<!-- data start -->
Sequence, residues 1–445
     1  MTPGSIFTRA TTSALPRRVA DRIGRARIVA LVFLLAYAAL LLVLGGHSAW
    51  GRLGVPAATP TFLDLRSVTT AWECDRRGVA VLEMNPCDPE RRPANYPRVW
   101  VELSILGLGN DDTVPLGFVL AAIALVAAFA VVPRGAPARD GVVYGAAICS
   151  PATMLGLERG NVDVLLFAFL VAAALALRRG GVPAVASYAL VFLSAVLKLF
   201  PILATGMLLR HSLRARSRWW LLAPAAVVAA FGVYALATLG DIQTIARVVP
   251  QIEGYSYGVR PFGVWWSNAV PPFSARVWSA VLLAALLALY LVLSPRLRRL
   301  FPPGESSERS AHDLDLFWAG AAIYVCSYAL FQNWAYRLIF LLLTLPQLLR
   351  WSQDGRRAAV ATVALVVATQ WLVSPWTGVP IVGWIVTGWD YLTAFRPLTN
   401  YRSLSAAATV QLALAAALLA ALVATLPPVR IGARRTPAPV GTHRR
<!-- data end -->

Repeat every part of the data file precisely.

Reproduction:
Sequence, residues 1–445
     1  MTPGSIFTRA TTSALPRRVA DRIGRARIVA LVFLLAYAAL LLVLGGHSAW
    51  GRLGVPAATP TFLDLRSVTT AWECDRRGVA VLEMNPCDPE RRPANYPRVW
   101  VELSILGLGN DDTVPLGFVL AAIALVAAFA VVPRGAPARD GVVYGAAICS
   151  PATMLGLERG NVDVLLFAFL VAAALALRRG GVPAVASYAL VFLSAVLKLF
   201  PILATGMLLR HSLRARSRWW LLAPAAVVAA FGVYALATLG DIQTIARVVP
   251  QIEGYSYGVR PFGVWWSNAV PPFSARVWSA VLLAALLALY LVLSPRLRRL
   301  FPPGESSERS AHDLDLFWAG AAIYVCSYAL FQNWAYRLIF LLLTLPQLLR
   351  WSQDGRRAAV ATVALVVATQ WLVSPWTGVP IVGWIVTGWD YLTAFRPLTN
   401  YRSLSAAATV QLALAAALLA ALVATLPPVR IGARRTPAPV GTHRR